Literature

‘My Last Duchess’: A Poem by Robert Browning

Probably Robert Browning’s most famous (and widely studied) dramatic monologue, ‘My Last Duchess’ is spoken by the Duke of Ferrara, chatting away to an acquaintance (for whom we, the reader, are the stand-in) and revealing a sinister back-story lurking behind the portrait of his late wife, the Duchess, that adorns the wall.

My Last Duchess

FERRARA

That’s my last Duchess painted on the wall,
Looking as if she were alive. I call
That piece a wonder, now; Fra Pandolf’s hands
Worked busily a day, and there she stands.
Will’t please you sit and look at her? I said
“Fra Pandolf” by design, for never read
Strangers like you that pictured countenance,
The depth and passion of its earnest glance,
But to myself they turned (since none puts by
The curtain I have drawn for you, but I)
And seemed as they would ask me, if they durst,
How such a glance came there; so, not the first
Are you to turn and ask thus. Sir, ’twas not
Her husband’s presence only, called that spot
Of joy into the Duchess’ cheek; perhaps
Fra Pandolf chanced to say, “Her mantle laps
Over my lady’s wrist too much,” or “Paint
Must never hope to reproduce the faint
Half-flush that dies along her throat.” Such stuff
Was courtesy, she thought, and cause enough
For calling up that spot of joy. She had
A heart—how shall I say?— too soon made glad,
Too easily impressed; she liked whate’er
She looked on, and her looks went everywhere.
Sir, ’twas all one! My favour at her breast,
The dropping of the daylight in the West,
The bough of cherries some officious fool
Broke in the orchard for her, the white mule
She rode with round the terrace—all and each
Would draw from her alike the approving speech,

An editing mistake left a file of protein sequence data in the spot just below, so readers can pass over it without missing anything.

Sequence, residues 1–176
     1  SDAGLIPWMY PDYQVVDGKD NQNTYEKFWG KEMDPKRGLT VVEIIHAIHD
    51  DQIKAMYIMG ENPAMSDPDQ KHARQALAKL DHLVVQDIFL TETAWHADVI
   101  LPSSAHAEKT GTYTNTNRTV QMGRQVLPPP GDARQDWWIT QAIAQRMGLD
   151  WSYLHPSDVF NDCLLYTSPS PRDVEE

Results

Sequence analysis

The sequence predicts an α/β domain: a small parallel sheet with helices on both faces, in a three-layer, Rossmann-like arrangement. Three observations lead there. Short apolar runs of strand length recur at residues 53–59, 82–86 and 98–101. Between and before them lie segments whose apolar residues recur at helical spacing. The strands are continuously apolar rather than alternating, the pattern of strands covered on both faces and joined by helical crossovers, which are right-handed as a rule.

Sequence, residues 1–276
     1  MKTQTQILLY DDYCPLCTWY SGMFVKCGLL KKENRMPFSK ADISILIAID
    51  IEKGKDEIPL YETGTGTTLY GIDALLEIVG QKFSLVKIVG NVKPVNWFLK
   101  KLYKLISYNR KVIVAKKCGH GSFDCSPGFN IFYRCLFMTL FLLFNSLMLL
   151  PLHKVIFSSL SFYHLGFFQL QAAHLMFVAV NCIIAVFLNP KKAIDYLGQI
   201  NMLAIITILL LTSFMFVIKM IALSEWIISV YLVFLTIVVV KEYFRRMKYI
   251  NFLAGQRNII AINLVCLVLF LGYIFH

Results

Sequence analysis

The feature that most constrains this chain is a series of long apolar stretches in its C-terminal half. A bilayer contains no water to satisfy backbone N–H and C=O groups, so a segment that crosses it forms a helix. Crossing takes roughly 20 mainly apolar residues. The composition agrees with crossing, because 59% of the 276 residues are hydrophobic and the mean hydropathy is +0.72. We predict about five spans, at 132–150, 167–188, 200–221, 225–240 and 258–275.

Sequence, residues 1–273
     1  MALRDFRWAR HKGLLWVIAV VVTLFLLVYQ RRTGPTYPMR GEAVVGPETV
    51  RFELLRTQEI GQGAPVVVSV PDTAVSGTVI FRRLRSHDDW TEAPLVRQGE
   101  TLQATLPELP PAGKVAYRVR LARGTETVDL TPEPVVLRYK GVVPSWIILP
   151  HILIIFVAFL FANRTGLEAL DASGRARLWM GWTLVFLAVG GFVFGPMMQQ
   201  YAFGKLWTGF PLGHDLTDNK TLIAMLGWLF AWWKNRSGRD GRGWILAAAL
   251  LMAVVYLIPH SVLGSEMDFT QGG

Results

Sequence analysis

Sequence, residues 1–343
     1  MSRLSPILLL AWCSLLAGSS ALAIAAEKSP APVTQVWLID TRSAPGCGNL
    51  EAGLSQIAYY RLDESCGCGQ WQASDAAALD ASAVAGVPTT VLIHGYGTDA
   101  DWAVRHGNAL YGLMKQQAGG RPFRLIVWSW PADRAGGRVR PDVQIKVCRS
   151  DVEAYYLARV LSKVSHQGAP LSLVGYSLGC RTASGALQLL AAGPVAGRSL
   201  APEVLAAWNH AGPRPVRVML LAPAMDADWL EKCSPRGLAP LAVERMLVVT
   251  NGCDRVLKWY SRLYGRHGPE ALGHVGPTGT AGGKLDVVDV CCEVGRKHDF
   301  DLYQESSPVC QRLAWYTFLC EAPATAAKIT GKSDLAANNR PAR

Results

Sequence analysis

Or blush, at least. She thanked men—good! but thanked
Somehow—I know not how—as if she ranked
My gift of a nine-hundred-years-old name
With anybody’s gift. Who’d stoop to blame
This sort of trifling? Even had you skill
In speech—which I have not—to make your will
Quite clear to such an one, and say, “Just this
Or that in you disgusts me; here you miss,
Or there exceed the mark”—and if she let
Herself be lessoned so, nor plainly set
Her wits to yours, forsooth, and made excuse—
E’en then would be some stooping; and I choose
Never to stoop. Oh, sir, she smiled, no doubt,
Whene’er I passed her; but who passed without
Much the same smile? This grew; I gave commands;
Then all smiles stopped together. There she stands
As if alive. Will’t please you rise? We’ll meet
The company below, then. I repeat,
The Count your master’s known munificence
Is ample warrant that no just pretense
Of mine for dowry will be disallowed;
Though his fair daughter’s self, as I avowed
At starting, is my object. Nay, we’ll go
Together down, sir. Notice Neptune, though,
Taming a sea-horse, thought a rarity,
Which Claus of Innsbruck cast in bronze for me!

If you enjoyed ‘My Last Duchess’, you might also enjoy Browning’s dramatic monologue ‘Porphyria’s Lover’. You might also enjoy our short introduction to Browning’s interesting life

10 Comments

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  3. I teach this poem as a mystery students have to solve. What happened to the last duchess? Kind of a “did he do it?” murder mystery.

  4. The Duke of Ferrara whom Browning is probably thinking of did marry a young wife, who died not long after the marriage. Gossip suggested poison, but it was more likely to have been TB – however when the Duke’s grandmother was Lucrezia Borgia I suppose there was bound to be gossip. In spite of the fact that Lucrezia herself never poisoned anyone – and the Borgia weapon of choice tended to be the garrotte or the knife anyway.

    • As I’ve probably mentioned before we ‘did’ Browning at secondary school. For some reason then I thought his dramatic monologues were ‘modern’ or at least had an immediacy that made the poems interesting. I’m now in my 70s and still think he wrote some brilliant stuff among the not-so-good! The Duchess is definitely among the former.

  5. I love, love, love this poem – thank you!

  6. I’m enjoying teaching this poem to students as a good (and darkly fun) example of how poetry often ‘almost’ tells you something but doesn’t quite and you have to tease out answers (or possible answers). It’s a shame you didn’t give us more analysis of this poem – that would have made an excellent resource for the thousands of GCSE students currently scratching their heads over this one!

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